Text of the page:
The company said it has a very small market share in a ‘large and growing market’.
It added industry is split between very large players (with hundreds of millions in revenue) and smaller private firms which creates an opportunity to fill the void in the ‘mid-market’.
Combined businesses FY18 forecast to deliver in excess of $33m revenue and in excess of $7.3m underlying EBITDA with 22% EBITDA margin.
Analytica has 70 technical and operational lab staff and forecasts to deliver revenue of A$11m and EBITDA of A$4m in FY18.
HRL said the deal would provide rapid entry into the high value environmental and food/agriculture testing market and build on primary business segments in field sampling, laboratory analysis and technology/reporting.
It is also an opportunity to provide pre-shipment certification testing from New Zealand to the Chinese market.
Analytica is a privately owned analytical chemistry lab business in Hamilton, New Zealand, specialising in mass spectroscopy analysis to the milk, honey and environmental markets.
Dairy and food origin tests include QAC and detergent residues and Aflatoxin M1.
Honey tests are Manuka 3-in-1, Leptosperin, Tutin, C4 sugars, colour/conductivity, heavy metals, DHA and residues.
Dr Terry Cooney founded the company in 2011 with the goal of building a chemistry lab to disrupt the market. Dr Terry Braggins and Steve Howse joined after as executive directors and equity partners.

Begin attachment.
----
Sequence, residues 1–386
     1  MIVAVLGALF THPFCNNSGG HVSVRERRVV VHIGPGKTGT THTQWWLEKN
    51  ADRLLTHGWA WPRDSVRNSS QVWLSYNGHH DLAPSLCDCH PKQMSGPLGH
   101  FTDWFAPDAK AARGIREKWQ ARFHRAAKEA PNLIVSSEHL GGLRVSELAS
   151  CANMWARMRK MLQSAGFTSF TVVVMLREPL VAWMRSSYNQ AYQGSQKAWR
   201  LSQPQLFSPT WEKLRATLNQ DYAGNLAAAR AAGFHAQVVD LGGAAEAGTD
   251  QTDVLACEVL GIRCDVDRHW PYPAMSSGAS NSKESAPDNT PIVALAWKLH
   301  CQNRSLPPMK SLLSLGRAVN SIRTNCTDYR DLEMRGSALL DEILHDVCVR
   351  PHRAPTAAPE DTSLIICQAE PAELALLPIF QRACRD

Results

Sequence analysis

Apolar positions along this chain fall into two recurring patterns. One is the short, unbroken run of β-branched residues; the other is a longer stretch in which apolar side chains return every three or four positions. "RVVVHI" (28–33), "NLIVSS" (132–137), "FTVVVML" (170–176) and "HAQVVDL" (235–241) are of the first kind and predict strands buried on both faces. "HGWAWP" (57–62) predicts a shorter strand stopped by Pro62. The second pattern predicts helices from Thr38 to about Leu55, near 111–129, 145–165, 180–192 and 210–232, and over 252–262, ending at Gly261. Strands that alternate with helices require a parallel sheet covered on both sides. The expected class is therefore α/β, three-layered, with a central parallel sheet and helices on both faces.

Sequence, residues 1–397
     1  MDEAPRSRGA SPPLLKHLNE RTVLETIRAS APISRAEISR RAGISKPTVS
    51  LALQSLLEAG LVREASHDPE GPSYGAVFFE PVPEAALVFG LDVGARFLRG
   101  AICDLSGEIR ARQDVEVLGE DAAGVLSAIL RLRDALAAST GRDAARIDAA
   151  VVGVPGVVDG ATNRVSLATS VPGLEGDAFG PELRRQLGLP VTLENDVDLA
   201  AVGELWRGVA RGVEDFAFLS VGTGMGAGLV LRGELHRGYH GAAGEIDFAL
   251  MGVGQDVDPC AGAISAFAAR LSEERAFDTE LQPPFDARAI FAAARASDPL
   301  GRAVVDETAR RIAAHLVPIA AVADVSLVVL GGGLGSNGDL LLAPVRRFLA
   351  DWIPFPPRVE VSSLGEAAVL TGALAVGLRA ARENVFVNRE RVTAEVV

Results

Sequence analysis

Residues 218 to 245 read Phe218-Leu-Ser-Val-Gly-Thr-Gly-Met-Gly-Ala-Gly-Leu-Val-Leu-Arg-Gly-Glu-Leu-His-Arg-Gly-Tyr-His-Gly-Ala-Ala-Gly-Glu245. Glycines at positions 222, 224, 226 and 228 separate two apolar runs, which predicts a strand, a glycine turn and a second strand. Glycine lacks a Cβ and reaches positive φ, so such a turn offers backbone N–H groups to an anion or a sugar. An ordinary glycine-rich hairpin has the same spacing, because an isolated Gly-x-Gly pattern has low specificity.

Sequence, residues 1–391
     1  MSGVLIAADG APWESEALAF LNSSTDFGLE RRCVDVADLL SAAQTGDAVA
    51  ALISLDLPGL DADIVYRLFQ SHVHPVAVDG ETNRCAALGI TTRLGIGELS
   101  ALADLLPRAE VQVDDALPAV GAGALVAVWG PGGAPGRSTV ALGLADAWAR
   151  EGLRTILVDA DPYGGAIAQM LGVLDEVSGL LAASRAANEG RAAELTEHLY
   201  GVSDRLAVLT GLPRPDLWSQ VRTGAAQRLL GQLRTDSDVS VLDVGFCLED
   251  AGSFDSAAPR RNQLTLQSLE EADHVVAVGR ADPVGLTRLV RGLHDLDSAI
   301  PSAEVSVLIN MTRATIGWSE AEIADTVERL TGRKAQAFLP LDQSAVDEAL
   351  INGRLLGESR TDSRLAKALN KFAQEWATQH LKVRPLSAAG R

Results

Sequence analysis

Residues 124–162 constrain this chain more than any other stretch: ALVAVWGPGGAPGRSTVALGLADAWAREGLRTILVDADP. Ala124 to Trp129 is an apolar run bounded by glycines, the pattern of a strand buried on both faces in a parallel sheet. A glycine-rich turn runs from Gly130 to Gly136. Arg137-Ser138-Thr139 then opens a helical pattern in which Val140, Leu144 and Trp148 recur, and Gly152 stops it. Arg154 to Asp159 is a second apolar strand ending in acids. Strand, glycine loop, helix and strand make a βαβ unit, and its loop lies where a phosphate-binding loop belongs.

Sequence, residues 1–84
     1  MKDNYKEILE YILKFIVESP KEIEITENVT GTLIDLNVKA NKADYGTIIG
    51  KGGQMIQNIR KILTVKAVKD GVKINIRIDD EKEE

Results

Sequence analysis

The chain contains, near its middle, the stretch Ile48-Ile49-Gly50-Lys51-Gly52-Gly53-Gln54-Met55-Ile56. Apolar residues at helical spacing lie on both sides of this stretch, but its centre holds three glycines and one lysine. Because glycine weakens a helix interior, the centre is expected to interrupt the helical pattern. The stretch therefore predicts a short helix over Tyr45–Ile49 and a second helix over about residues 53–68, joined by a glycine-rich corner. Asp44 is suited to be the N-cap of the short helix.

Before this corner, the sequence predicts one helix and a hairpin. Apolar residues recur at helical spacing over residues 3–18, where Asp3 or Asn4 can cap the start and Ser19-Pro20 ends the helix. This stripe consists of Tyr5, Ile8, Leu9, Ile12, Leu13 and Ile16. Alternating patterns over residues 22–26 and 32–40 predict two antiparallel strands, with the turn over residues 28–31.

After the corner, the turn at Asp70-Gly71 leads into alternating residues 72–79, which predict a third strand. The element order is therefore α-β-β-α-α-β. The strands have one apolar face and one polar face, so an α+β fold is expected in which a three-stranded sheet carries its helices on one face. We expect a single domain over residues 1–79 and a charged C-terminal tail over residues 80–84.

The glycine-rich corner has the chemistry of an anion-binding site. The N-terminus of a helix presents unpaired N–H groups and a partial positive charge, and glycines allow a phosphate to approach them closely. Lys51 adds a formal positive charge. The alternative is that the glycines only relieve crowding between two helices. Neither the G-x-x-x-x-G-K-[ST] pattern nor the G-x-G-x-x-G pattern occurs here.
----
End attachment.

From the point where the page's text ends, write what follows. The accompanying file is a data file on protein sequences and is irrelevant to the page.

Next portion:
JV and China links
CAIQTestPacific is a joint venture led by Analytica (26% interest) and supported by the Chinese Academy of Inspection and Quarantine.
It was established to help the export of goods from New Zealand, Australia and the Pacific to China.
The JV services the dairy export market, which experiences substantial delays with custom and quarantine when arriving in China and awaiting testing.
CAIQtest Pacific can test export product locally before shipping to China assisting with supply chain bottlenecks.
In August it achieved accreditation with International Accreditation New Zealand (IANZ), Ministry of Primary Industries and the Chinese National Accreditation Service and can now market services to commercial dairy exporters.
China’s infant formula registration rules will be implemented on 1 January 2018.